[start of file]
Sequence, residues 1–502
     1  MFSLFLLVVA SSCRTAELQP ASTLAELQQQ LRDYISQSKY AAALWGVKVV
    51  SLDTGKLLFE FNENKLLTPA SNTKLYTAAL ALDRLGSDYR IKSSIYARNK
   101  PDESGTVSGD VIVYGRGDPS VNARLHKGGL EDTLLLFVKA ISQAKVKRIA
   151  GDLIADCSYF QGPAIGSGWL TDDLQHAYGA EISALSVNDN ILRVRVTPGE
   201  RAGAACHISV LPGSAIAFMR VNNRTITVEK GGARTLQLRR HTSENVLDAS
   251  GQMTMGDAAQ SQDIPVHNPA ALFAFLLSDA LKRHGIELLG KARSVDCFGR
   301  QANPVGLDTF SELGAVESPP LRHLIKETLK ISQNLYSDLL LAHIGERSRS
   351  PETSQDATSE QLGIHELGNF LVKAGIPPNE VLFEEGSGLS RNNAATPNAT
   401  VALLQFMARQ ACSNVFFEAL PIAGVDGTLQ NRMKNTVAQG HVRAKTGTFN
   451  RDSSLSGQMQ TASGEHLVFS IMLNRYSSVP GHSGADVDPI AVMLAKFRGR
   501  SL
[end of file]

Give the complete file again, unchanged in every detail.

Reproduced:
Sequence, residues 1–502
     1  MFSLFLLVVA SSCRTAELQP ASTLAELQQQ LRDYISQSKY AAALWGVKVV
    51  SLDTGKLLFE FNENKLLTPA SNTKLYTAAL ALDRLGSDYR IKSSIYARNK
   101  PDESGTVSGD VIVYGRGDPS VNARLHKGGL EDTLLLFVKA ISQAKVKRIA
   151  GDLIADCSYF QGPAIGSGWL TDDLQHAYGA EISALSVNDN ILRVRVTPGE
   201  RAGAACHISV LPGSAIAFMR VNNRTITVEK GGARTLQLRR HTSENVLDAS
   251  GQMTMGDAAQ SQDIPVHNPA ALFAFLLSDA LKRHGIELLG KARSVDCFGR
   301  QANPVGLDTF SELGAVESPP LRHLIKETLK ISQNLYSDLL LAHIGERSRS
   351  PETSQDATSE QLGIHELGNF LVKAGIPPNE VLFEEGSGLS RNNAATPNAT
   401  VALLQFMARQ ACSNVFFEAL PIAGVDGTLQ NRMKNTVAQG HVRAKTGTFN
   451  RDSSLSGQMQ TASGEHLVFS IMLNRYSSVP GHSGADVDPI AVMLAKFRGR
   501  SL